Users commonly navigate through a page or document using keyboard commands. Common commands control navigation by character, by line, by paragraph, and by element. As the user navigates, the screen reader announces each piece of content. The user hears the info and any metadata. This includes alternative text provided for images and specialized accessibility information. There are ways to list and navigate to specific element types such as headings, links, major page sections (“landmarks”), and others. More keyboard commands provide additional features.
The First Screen Reader
IBM Researcher and Accessibility Pioneer, Jim Thatcher, created the first screen reader in 1986. The IBM Screen Reader worked with the text-based Desktop Operating System (DOS). It was initially only available within IBM. Jim and his team continued development and released IBM Screen Reader/2 to work with graphical operating systems such as Windows 95 and IBM OS/2.
Screen Readers Today
IBM wasn’t the only group working on screen readers. These are the popular ones in the US:
- Job Access With Speech, commonly known as JAWS, is one of the most popular screen readers. Freedom Scientific developed it first for DOS and then Windows.
- Nonvisual Desktop Access (NVDA) is a free open source screen reader for Windows. First released in 2006, NVDA usage is now rivaling that of JAWS.
- VoiceOver is the screen reader built into Apple operating systems including macOS, iOS/iPadOS, and Watch OS. Its development enabled people with visual disabilities to use the touch interface of the iPhone beginning with the iPhone 3GS.
- Google has TalkBack for Android devices and ChromeVox for ChromeOS.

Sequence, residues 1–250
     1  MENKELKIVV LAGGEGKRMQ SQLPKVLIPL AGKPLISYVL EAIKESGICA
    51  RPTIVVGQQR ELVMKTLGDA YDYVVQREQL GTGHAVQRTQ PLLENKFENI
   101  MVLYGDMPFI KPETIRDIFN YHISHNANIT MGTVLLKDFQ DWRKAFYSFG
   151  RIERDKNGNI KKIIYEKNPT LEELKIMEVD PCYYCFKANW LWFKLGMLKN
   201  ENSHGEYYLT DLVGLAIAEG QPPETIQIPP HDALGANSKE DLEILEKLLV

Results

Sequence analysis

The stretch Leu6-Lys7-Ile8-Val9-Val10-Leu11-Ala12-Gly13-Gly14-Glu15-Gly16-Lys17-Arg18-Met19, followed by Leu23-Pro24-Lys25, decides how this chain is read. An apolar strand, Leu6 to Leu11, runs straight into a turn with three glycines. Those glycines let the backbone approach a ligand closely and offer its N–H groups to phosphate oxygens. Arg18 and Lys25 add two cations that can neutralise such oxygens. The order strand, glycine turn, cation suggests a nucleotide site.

- Microsoft is constantly improving its built-in screen reader, Narrator.
- Orca is a free, open source screen reader for Linux from the GNOME project.
There is screen reader support for all common operating systems. Most support multiple languages.
Each year since 2009, WebAIM surveys the preferences of screen reader users. The 2019 results show that the predominant screen readers for desktop and laptop usage are NVDA, JAWS, and VoiceOver. Respondents with disabilities primarily use JAWS and NVDA. VoiceOver on iOS is the dominant screen reader for mobile.
Using a Screen Reader
Screen readers are an essential assistive technology to help ensure equal access to the web by people with disabilities. They are necessary for blind and low vision users to access the web and perform everyday tasks. People with cognitive or learning disabilities rely on screen readers to present information both visually and audibly to increase comprehension.
Using a screen reader proficiently requires practice and dedication. There are many keyboard commands required to navigate web pages quickly and efficiently. Each screen reader has a different operating structure and set of commands. All have many configuration options to suit the user’s preferences and needs. These include voice selection, reading speed, punctuation announcement, and other verbosity settings. Each user has different strategies and techniques for navigating the web and controlling their devices.
Sighted accessibility specialists learn the basic use of screen readers to assist with accessibility testing. Navigating with a screen reader can quickly expose HTML (HyperText Markup Language, the primary way to structure web content) coding errors such as missing or inappropriate alternative text on images, incorrect heading structure, and improper use of ARIA (Accessible Rich Internet Applications, techniques used to add additional information for complex interfaces).
Learn more about screen readers on Monday, January 25 from 10:00-11:30 Central Standard Time (CST) for Screen Readers in the Wild. Our own Anthony Vasquez will demonstrate how he uses a screen reader to navigate the web. You’ll see and hear the techniques he uses to navigate both well and poorly built websites. You’ll gain practical knowledge and insight into screen readers and their usage on desktop and mobile.
This is the first in the 2021 Knowbility Webinar Series on accessibility topics. As a celebration of the 35th anniversary of the first screen reader, released in 1986, the cost of this seminar will be just $35.
This special pricing represents the greatest value for an online training that we’ve ever had!